NEXT year's Ryder Cup will focus the world's attention on Scotland and bring in hundreds of thousands of spectators.

But the 1800 volunteers now being recruited to help with the smooth running of the money-spinning event at Gleneagles in Perthshire will have to stump up almost £75 for the privilege.

Volunteers are being asked for the fee if they want to offer their free time at the event, which runs from September 26 to 28, 2014.

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The 2010 Ryder Cup at Celtic Manor in Wales is estimated to have generated £84 million for the local economy.

Organisers say the fee will cover the cost of providing volunteers with a uniform and food. It will not include travel to and from the rural location, or any other expenses they incur.

Around 250,000 spectators are expected to descend on the area for the event, and organisers say that 1800 volunteers will be needed for duties such as scoreboard carriers, crowd safety marshals, programme sellers and buggy drivers.

Edward Kitson, match director of the competition, said: "The Ryder Cup is a unique event that stirs the passions of players and spectators in a way unlike any other sporting occasion. This makes volunteering at it very special. It's a chance to be a part of history and to welcome the world to Scotland.

"The volunteers at the 2014 Ryder Cup will be the public face of the match. They will be the first and last people our spectators see.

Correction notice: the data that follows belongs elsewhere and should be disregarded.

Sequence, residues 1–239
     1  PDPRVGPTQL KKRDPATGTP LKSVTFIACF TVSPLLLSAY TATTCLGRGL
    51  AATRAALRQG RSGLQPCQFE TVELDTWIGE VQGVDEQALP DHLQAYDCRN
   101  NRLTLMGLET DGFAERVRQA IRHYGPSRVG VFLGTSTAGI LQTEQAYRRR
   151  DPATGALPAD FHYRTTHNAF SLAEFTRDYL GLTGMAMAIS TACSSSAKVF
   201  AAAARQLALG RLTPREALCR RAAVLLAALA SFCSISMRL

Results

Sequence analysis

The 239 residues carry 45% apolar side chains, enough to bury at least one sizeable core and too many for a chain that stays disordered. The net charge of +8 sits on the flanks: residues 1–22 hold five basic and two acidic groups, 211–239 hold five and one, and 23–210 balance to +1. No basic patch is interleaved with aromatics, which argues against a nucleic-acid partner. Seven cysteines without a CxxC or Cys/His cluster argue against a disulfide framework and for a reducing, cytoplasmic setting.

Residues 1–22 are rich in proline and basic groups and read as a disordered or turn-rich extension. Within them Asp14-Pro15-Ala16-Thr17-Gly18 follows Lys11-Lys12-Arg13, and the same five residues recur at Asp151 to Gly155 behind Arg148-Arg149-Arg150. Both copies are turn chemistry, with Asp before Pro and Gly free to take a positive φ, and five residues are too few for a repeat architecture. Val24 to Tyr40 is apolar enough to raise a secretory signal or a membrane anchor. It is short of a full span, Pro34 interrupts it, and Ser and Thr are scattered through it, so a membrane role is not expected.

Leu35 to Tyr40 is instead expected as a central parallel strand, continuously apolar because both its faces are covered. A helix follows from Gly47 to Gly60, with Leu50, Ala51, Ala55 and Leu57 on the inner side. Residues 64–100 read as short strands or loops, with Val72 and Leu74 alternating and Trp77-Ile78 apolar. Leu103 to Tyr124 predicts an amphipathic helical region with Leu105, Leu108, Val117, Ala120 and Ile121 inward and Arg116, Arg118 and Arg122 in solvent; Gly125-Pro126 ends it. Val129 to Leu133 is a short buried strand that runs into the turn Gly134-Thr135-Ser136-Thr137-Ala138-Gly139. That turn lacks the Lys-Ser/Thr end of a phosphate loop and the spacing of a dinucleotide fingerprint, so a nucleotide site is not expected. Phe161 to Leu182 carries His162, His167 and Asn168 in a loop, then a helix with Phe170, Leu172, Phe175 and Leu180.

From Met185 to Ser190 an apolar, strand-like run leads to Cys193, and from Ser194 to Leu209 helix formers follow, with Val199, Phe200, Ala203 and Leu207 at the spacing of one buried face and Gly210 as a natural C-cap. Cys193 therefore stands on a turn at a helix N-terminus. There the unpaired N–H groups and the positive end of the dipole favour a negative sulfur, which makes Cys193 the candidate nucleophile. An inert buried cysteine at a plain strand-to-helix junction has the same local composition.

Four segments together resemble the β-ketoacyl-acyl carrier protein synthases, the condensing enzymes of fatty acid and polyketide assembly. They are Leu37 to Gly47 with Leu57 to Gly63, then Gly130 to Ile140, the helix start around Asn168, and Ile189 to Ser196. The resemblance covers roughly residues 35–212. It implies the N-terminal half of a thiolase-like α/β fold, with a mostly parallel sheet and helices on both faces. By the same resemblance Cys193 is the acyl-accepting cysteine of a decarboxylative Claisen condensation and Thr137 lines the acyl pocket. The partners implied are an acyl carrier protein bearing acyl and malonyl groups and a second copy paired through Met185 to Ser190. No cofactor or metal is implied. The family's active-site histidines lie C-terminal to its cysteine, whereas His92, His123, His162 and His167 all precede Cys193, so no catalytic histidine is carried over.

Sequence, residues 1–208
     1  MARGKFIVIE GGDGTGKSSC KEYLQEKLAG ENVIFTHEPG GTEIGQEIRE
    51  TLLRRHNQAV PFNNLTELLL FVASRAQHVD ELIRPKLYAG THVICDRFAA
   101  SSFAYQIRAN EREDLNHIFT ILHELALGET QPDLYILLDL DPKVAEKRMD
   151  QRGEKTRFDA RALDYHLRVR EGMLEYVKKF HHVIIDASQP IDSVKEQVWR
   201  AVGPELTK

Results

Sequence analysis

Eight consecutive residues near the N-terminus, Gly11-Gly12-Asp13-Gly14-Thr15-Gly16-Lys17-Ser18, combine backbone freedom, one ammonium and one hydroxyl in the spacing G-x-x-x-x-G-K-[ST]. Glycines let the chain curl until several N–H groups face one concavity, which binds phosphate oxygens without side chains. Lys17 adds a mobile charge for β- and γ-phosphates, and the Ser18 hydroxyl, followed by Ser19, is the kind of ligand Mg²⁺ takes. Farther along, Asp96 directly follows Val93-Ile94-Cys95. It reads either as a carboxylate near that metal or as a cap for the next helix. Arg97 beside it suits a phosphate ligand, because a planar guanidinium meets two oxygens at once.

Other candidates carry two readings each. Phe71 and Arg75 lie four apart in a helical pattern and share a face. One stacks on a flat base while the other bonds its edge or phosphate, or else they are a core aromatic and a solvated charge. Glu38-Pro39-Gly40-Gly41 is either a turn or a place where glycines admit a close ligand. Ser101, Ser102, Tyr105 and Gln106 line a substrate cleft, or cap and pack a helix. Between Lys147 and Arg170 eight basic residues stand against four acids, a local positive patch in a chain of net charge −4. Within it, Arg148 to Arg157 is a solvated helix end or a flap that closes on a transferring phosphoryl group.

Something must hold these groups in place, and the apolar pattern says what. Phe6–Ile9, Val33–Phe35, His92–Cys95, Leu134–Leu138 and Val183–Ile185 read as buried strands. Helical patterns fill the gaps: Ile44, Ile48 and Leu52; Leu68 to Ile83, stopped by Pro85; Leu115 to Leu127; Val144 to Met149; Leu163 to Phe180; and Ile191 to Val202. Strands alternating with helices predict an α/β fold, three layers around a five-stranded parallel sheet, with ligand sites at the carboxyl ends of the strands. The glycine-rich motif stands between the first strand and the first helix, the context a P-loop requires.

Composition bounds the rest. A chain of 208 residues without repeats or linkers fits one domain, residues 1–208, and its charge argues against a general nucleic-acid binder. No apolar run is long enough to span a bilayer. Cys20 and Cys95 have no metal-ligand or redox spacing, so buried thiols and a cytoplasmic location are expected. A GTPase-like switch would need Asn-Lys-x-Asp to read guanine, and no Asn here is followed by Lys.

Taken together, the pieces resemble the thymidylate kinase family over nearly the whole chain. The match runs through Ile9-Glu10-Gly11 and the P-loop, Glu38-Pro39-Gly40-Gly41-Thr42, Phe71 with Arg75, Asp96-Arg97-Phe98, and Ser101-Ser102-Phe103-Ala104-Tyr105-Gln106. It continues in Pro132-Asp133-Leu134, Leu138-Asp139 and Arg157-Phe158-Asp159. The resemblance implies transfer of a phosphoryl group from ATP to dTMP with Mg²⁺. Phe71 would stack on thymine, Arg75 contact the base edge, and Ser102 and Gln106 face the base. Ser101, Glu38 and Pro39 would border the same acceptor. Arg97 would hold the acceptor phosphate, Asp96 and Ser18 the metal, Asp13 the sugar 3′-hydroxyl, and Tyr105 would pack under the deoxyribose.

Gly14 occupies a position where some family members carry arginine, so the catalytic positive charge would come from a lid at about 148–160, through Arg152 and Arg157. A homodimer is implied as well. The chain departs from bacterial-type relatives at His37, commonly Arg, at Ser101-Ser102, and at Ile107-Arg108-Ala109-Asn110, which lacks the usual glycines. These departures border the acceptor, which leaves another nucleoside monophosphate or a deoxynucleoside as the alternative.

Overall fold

"Naturally, some of the roles require specialist experience and while some knowledge of golf would help, in most cases the main criteria is a positive attitude and genuine desire to be involved in one of the world's great sporting events."

Mr Kitson added: "Ideally our volunteers will be friendly, outgoing, good-humoured and will enjoy helping others."

The tournament between Europe and America's finest golfers will be beamed live around the world and rake in millions in sponsorship and advertising as stars such as Rory McIlroy and Tiger Woods go head-to-head.

Scotland was handed the baton of host nation last October when First Minister Alex Salmond received a silver putter at the end of the tournament in the US, which was won by Europe.

The Scottish Government says the Ryder Cup will generate £100m for the local economy in the week of the tournament.

The fee is in sharp contrast to the London 2012 Olympics, where volunteers were not charged for their time.

Likewise, there is no suggestion the 15,000 volunteers being enrolled for the 2014 Commonwealth Games in Glasgow will have to pay anything apart from their own travel costs.

Paul McGinley, captain of the 2014 European golf team, is promoting the campaign.

He said: "It takes a huge team of people to make the Ryder Cup a successful event, and the thousands of volunteers involved are a very important part of that.

"We are always appreciative of anyone who gives their time to volunteer and support golf, and there are not many countries in the world better than Scotland for producing volunteers and marshals, whose golf knowledge is second to none."